Founders Day introduces new honor
The late H. Franklin Burroughs, Guy Skipper Cameron and Charles L. Watson will be named honorary founders of the university. Charles Joyner and John Vrooman will be the first recipients of a new honor, the University Medallion, which was created to recognize individuals who have contributed to CCU in one or more of the following areas: service (to education or the community), entrepreneurship, philanthropy and scholarship.
H. Franklin Burroughs (1962-2002) was a Conway attorney who helped lead CCU during its first crucial years of independence. He earned a bachelor's degree in history from Coastal Carolina College in 1984 and a law degree from the University of South Carolina School of Law in 1987. Burroughs was named to CCU's first board of trustees in 1993 when the institution separated from the University of South Carolina system, and served as board chairman for the 1999-2000 term. He was an early advocate of the football program and was one of its first benefactors.
Guy Skipper Cameron (1900-1966) was a Myrtle Beach civic leader and the first woman to serve on the Horry County Higher Education Commission, the organization that oversees CCU's tax millage. Cameron was a member of the commission from 1961 to 1966, serving on the building, nominating, and building and site committees. She was instrumental in determining the present location of the campus. She also chaired the education committee of the Greater Myrtle Beach Chamber of Commerce and was named Citizen of the Year by the chamber for 1965.
Charles L. Watson (1939-1998), a Conway attorney and businessman, was a CCU benefactor. He served on the board of visitors of CCU's E. Craig Wall Sr. College of Business Administration, where he also taught classes in accounting and business law. In 1993, Watson created a scholarship at CCU to benefit local graduates. An army veteran, he attended Coastal Carolina College in 1965 and 1966, before earning a bachelor's degree from the University of South Carolina in 1968 and a law degree from the USC School of Law in 1974. He was an avid CCU baseball fan and supporter, and CCU's baseball stadium was named in his honor in 2000.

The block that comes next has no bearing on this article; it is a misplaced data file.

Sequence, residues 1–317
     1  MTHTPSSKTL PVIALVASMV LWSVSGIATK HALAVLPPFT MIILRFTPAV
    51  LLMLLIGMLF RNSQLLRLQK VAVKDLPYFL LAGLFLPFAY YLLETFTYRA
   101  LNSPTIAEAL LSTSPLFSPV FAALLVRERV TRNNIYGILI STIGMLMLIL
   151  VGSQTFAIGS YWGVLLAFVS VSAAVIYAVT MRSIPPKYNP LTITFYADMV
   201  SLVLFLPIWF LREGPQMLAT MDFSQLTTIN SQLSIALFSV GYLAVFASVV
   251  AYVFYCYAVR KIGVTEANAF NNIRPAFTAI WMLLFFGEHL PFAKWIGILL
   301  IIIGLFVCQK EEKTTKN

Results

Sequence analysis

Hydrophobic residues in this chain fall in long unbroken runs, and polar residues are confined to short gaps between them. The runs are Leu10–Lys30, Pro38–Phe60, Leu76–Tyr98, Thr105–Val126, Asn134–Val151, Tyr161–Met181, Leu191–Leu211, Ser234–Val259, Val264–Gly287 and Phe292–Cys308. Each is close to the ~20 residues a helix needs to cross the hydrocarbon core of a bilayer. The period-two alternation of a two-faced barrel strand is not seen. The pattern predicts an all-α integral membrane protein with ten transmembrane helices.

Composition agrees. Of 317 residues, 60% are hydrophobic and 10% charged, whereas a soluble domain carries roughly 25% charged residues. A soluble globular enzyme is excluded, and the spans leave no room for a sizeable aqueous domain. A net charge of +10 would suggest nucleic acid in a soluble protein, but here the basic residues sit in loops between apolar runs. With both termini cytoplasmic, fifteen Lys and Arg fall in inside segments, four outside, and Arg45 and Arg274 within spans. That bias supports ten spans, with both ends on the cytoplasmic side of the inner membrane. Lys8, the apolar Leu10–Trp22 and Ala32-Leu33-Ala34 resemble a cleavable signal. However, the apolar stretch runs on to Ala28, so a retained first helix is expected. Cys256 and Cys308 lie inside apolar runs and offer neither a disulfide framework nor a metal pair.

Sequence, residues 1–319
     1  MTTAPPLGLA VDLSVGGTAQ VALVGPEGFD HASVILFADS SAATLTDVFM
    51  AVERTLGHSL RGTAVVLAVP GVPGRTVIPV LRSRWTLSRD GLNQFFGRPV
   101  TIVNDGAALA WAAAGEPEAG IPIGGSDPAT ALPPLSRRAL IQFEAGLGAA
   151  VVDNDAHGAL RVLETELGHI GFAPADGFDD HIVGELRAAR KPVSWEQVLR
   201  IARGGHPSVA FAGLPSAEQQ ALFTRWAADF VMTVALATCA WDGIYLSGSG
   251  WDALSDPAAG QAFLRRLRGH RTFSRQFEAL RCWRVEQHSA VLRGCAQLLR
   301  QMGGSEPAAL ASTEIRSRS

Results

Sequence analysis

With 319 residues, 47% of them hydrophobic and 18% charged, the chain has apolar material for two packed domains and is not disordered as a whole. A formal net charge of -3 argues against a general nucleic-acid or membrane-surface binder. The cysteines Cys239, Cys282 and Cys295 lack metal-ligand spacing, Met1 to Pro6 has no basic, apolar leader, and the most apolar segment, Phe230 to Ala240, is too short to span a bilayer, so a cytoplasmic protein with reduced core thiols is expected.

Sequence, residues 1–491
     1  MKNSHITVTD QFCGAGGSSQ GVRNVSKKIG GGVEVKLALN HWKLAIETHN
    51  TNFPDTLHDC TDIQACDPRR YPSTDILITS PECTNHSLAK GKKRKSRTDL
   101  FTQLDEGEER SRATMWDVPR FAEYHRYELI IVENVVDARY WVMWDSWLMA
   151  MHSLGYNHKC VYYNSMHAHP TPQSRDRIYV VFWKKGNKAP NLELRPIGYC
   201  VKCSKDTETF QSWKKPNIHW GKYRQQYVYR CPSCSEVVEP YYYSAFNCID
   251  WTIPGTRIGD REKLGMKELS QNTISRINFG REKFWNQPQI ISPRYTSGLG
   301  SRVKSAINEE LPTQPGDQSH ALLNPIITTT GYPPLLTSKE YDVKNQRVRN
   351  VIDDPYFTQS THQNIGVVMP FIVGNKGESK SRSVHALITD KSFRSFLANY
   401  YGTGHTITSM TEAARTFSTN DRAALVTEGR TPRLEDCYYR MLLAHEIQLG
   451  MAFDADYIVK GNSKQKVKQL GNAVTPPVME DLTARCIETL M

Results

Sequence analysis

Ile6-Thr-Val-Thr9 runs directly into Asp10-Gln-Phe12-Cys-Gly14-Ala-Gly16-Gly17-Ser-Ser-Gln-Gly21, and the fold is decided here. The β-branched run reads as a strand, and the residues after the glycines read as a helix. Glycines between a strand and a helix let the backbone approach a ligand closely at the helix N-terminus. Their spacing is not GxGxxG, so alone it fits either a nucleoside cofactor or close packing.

Charles Joyner is the Burroughs Distinguished Professor Emeritus of Southern History and Culture at CCU. He earned doctoral degrees in history from the University of South Carolina and in folklore and folklife from the University of Pennsylvania. He is the author of "Down by the Riverside," a landmark study of rice plantations along the Waccamaw River, and other books. He has lectured at Oxford, Cambridge, Harvard, Berkeley and many other universities. His numerous awards include Honorary Life Membership in BrANCH (British American Nineteenth-Century Historians), the South Carolina Humanities Council's Governor's Award for Lifetime Achievement in the Humanities, and the Lifetime Commitment Award from Bluegrass on the Waccamaw, a local music organization. He was recently inducted into the South Carolina Academy of Authors and received the National University Press Award.
John Vrooman, professor emeritus of history, was a member of the CCU faculty for 31 years, serving in many capacities including academic dean, head baseball coach and interim athletic director. As head baseball coach for 13 seasons, he achieved a record of 372-271 and led the program during two significant milestones in Coastal Carolina athletic history: when the Chanticleers joined the NAIA ranks in 1975 and their ascension to NCAA Division I in 1986. Vrooman's teams won six consecutive Big South Conference titles from 1988 to 1993, won the Big South Tournament in 1991 and 1992, and scored the program's first NCAA Regional appearance in 1991. Prior to joining the CCU faculty, Vrooman was chief of military personnel and later director of personnel of the former Myrtle Beach Air Force Base. A native of Oak Park, Ill., he earned a bachelor's degree in history from Wesleyan University and a master's degree in history from Rutgers University. He was twice named Big South Coach of the Year (1988, 1990) and was inducted into both the George F. "Buddy" Sasser CCU Athletic Hall of Fame and the Big South Conference Hall of Fame. CCU's baseball field is named in honor of Vrooman and his parents, the late Irv and Bernice Vrooman.